Later in the evening in an El Paso taqueria, a worker and her daughter told me they were not the least bit surprised by my experience. Slapping together tacos across the counter, one of the cooks nodded that he too had experienced a recent run-in with the Ciudad Juarez police.
On the same day we were stopped and searched, Ciudad Juarez Police Chief Julian Leyzaola attended a law enforcement conference in neighboring El Paso. In a report on the event the following day, El Diario de El Paso quoted Leyzaola as telling the crowd of police professionals that El Pasoans could now peacefully visit Ciudad Juarez and safely enjoy the restaurants, night clubs and other public attractions of the city.
Really? Without being stopped and frisked?
Still uneasy about last week’s incident, I called Lic. Adolfo Castro, head of the official Chihuahua State Human Rights Commission (CEDH) office in Ciudad Juarez. Castro told me that as preventive law enforcers, the city police have the right to stop and search people on the street. “People that look suspicious can be stopped, any person that looks suspicious,” Castro said. But he also agreed that police officers should not abuse their authority, and that they should employ practices based on a reasonable suspicion of actual or potential law-breaking.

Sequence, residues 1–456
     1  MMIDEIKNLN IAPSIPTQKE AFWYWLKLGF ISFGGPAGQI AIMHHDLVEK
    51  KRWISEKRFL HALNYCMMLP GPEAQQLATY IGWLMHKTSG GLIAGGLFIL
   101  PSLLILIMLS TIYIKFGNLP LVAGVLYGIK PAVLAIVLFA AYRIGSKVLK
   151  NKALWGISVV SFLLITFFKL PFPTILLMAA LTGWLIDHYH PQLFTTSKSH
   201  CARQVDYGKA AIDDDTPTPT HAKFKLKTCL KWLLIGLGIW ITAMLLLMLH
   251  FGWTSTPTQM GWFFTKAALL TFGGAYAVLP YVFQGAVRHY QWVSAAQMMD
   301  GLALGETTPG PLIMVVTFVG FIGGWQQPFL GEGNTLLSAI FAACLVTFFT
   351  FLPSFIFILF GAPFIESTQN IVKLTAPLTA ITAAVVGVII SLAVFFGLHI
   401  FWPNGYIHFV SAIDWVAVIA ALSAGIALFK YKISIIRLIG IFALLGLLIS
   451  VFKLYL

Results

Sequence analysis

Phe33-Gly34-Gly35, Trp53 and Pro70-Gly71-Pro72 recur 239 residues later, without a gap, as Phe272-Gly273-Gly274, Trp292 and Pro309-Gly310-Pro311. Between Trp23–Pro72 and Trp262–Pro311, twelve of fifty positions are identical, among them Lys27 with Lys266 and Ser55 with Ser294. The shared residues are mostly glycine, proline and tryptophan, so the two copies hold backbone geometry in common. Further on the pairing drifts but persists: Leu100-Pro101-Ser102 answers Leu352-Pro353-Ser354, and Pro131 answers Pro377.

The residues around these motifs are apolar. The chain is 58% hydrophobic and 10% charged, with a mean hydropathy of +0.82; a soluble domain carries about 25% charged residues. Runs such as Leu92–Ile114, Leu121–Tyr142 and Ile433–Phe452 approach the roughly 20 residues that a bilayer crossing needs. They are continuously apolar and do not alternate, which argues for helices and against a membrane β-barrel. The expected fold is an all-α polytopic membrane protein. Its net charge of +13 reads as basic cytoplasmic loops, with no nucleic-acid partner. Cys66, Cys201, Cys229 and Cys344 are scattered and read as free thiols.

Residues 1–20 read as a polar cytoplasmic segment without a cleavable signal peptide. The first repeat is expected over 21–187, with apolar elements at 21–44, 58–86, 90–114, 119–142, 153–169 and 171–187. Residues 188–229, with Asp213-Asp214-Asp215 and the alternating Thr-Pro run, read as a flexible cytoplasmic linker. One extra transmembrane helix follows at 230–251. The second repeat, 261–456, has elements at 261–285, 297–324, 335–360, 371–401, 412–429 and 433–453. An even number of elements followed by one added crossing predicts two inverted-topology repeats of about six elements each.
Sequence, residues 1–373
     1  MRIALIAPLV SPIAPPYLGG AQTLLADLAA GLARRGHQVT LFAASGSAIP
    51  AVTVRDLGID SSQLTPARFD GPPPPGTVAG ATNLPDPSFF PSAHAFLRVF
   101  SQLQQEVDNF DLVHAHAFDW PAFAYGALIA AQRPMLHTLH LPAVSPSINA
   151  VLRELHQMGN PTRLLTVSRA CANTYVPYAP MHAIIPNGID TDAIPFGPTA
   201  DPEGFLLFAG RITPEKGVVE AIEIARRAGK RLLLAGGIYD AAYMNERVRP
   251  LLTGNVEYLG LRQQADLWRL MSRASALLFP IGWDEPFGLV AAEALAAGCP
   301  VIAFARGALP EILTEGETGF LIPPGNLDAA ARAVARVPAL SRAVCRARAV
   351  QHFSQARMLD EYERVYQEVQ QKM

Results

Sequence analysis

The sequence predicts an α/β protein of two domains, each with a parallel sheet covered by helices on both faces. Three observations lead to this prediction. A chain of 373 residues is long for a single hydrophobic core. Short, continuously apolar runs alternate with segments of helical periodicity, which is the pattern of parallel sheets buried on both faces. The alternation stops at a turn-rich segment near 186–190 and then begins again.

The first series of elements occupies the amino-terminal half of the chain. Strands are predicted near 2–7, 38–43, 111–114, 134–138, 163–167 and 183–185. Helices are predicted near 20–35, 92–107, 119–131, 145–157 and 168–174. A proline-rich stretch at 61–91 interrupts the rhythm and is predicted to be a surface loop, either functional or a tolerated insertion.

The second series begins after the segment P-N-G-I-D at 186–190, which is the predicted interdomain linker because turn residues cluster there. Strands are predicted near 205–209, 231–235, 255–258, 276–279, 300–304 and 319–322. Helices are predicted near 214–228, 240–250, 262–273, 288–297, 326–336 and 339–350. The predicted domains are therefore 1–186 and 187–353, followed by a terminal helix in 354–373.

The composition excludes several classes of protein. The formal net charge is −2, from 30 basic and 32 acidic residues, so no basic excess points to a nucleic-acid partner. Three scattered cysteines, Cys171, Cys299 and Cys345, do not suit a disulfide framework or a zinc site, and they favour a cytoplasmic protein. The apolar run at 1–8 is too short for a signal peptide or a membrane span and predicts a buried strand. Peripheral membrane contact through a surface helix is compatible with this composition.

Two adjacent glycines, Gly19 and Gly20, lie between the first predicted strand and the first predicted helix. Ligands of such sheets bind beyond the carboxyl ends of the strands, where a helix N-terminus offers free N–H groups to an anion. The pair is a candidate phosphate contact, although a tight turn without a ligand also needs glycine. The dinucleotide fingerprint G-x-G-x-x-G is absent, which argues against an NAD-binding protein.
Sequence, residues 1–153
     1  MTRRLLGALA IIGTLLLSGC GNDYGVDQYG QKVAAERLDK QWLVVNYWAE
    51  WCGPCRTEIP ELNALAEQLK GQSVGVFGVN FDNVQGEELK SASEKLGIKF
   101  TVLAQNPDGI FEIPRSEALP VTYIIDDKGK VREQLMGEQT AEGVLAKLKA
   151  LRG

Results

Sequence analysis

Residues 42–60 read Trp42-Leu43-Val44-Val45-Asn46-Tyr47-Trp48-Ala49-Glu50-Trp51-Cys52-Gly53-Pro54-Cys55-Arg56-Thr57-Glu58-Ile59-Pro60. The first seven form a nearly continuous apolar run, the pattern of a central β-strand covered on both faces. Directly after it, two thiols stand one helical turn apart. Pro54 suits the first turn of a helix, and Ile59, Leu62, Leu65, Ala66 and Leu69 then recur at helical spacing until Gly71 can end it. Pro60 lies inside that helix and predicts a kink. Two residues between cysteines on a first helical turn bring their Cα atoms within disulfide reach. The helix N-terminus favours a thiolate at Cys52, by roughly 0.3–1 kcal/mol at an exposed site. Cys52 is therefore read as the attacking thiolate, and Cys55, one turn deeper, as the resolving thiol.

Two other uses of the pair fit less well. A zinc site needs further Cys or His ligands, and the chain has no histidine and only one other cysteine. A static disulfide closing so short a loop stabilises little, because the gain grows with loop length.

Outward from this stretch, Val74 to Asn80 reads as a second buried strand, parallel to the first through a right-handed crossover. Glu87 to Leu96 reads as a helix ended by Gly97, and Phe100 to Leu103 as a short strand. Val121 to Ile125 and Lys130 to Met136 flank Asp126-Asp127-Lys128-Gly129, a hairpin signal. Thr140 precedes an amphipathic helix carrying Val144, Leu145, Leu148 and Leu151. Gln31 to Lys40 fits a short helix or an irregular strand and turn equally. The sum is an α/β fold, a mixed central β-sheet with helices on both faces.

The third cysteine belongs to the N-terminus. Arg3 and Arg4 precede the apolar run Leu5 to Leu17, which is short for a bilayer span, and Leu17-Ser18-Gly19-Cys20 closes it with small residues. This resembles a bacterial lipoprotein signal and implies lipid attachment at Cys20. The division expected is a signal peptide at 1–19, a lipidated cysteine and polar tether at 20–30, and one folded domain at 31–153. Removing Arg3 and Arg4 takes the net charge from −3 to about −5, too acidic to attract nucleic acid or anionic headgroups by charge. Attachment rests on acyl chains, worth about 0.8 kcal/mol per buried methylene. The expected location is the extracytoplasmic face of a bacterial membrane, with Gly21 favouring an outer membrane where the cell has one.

Calmly walking down the street doesn’t seem to fit the bill.
Castro added that his office registered a number of complaints related to street detentions back in January, February and March, but had not handled any such cases in recent months. According to the state official, an officer’s name must be visibly displayed.
In the transition of law enforcement responsibilities from the army to the Federal Police to the new municipal police force touted by officials, the behavior of city cops remains a source of controversy and contention. Numerous human rights complaints including allegations of torture are pending.
The CEDH’s Castro said a new security working group has been set up to discuss and resolve outstanding police-community issues, with the participation from different sectors. According to Castro, the municipal administration of PRI Mayor Hector “Teto” Murguia has named Clara Torres, known for her activism with the rival PAN political party, to act as the liaison.